Ragan painted few trains (other than a few background images in his landscapes) for the New York Central before 1939. But his first famous painting, the iconic image of the streamlined Twentieth-Century Limited locomotive designed by Henry Dreyfus, also became his most-famous painting.
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Ragan and, presumably, the New York Central liked this image so well that he repeated it, again and again, in posters and calendars over the next decade. First was the 1938 (or possibly 1939) calendar that used the same locomotive but with an autumn background.
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In 1941, Ragan painted the Empire State Express; a slightly different locomotive and train, to be sure, but in exactly the same perspective. Lucius Beebe called this perspective the “three-quarter view” of locomotives.
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For the 1942 calendar, Ragan painted the Century‘s locomotive from a completely different perspective. However, the lack of detail gives the impression that Ragan really didn’t put a lot of effort into the picture.
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In 1943, at the height of World War II, the New York Central issued this morale-boosting poster. The locomotive is unstreamlined (streamlining being considered an unnecessary luxury during the war) but the perspective is the same.
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With victory in sight, the 1945 calendar has exactly the same locomotive as the 1938 poster but set in a winter landscape.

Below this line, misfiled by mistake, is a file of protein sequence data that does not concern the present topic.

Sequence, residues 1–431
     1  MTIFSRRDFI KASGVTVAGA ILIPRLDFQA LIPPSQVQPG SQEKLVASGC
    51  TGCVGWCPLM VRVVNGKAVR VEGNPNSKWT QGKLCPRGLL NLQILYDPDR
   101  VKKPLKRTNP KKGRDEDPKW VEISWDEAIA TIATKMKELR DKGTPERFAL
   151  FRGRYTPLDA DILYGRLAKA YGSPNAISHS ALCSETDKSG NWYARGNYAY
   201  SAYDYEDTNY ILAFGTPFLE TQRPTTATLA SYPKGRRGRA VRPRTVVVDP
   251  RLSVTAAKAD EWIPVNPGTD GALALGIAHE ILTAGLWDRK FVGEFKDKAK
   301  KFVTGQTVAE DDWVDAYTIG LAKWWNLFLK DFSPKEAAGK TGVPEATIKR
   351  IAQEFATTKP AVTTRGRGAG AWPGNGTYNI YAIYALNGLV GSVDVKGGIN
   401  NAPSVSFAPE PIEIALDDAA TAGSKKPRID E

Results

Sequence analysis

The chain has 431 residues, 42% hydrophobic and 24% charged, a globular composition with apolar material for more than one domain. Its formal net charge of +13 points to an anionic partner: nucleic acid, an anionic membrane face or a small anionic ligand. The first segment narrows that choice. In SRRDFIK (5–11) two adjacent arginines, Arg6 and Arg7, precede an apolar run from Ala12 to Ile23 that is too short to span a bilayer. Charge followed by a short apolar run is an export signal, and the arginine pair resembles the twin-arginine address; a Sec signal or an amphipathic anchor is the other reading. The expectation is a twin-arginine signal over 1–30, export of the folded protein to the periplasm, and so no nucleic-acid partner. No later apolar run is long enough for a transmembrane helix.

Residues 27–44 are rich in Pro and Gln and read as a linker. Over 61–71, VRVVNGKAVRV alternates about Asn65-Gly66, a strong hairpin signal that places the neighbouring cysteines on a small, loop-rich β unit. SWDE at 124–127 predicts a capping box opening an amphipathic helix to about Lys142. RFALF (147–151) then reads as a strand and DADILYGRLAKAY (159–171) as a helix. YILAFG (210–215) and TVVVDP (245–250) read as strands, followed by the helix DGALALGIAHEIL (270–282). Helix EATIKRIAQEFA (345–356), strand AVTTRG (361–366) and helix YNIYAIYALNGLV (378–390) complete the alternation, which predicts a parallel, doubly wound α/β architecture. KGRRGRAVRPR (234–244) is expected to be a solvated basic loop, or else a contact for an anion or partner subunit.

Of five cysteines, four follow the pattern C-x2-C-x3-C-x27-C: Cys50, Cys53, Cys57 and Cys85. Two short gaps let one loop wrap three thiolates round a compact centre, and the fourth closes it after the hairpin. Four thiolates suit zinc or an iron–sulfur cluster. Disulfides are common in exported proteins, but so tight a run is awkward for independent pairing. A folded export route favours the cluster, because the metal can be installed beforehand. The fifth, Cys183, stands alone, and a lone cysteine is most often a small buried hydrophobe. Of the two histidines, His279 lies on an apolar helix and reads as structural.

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The 1946 calendar features several locomotives–three of which were in some of the above posters–at Chicago’s LaSalle Street Station. At least they are not all in three-quarter perspective.
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In 1947, Ragan finally shows that he can paint the opposite end of a train from the locomotive and from another perspective as well.
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The authors of Travel by Train say that Ragan set the streamlined trains “in surreal landscapes, bathing their reflective surfaces in shimmering natural light, creating dream-like poster icons.” That may be, but Ragan’s habit of working from photos not only led to the repetition shown here but soon made his posters seem dull and dated.
After the war, Ragan moved to the island of Majorca in the Mediterranean Sea, where he no doubt enjoyed hundreds of surreal sunsets like the ones he featured in his paintings. However, this also meant that he probably never saw any of the dozens of trains he painted for the Budd Company. Late in life, Ragan apparently moved to Seaside, Oregon, and died in a Portland hospital in November, 1972, just a few days short of his 75th birthday. Despite the reverence railfans feel for him today, I couldn’t find any obituary for him in Trains magazine, and the Portland Oregonian had nothing more than a funeral notice.